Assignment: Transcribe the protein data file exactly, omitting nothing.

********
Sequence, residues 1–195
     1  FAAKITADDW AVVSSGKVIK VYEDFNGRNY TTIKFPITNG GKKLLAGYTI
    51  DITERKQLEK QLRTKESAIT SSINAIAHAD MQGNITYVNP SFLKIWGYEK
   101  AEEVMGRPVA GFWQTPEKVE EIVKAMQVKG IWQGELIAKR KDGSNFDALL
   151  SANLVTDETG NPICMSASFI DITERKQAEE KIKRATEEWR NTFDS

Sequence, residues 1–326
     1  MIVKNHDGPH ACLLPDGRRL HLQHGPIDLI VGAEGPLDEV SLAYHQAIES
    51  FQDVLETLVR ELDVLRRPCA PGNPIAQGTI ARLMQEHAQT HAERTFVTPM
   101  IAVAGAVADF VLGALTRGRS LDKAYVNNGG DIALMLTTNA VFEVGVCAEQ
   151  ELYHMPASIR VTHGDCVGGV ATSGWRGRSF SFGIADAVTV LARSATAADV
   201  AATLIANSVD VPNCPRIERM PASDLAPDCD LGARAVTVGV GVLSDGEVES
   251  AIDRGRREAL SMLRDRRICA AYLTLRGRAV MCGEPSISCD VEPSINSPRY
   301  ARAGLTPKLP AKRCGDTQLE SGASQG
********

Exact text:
Sequence, residues 1–195
     1  FAAKITADDW AVVSSGKVIK VYEDFNGRNY TTIKFPITNG GKKLLAGYTI
    51  DITERKQLEK QLRTKESAIT SSINAIAHAD MQGNITYVNP SFLKIWGYEK
   101  AEEVMGRPVA GFWQTPEKVE EIVKAMQVKG IWQGELIAKR KDGSNFDALL
   151  SANLVTDETG NPICMSASFI DITERKQAEE KIKRATEEWR NTFDS

Sequence, residues 1–326
     1  MIVKNHDGPH ACLLPDGRRL HLQHGPIDLI VGAEGPLDEV SLAYHQAIES
    51  FQDVLETLVR ELDVLRRPCA PGNPIAQGTI ARLMQEHAQT HAERTFVTPM
   101  IAVAGAVADF VLGALTRGRS LDKAYVNNGG DIALMLTTNA VFEVGVCAEQ
   151  ELYHMPASIR VTHGDCVGGV ATSGWRGRSF SFGIADAVTV LARSATAADV
   201  AATLIANSVD VPNCPRIERM PASDLAPDCD LGARAVTVGV GVLSDGEVES
   251  AIDRGRREAL SMLRDRRICA AYLTLRGRAV MCGEPSISCD VEPSINSPRY
   301  ARAGLTPKLP AKRCGDTQLE SGASQG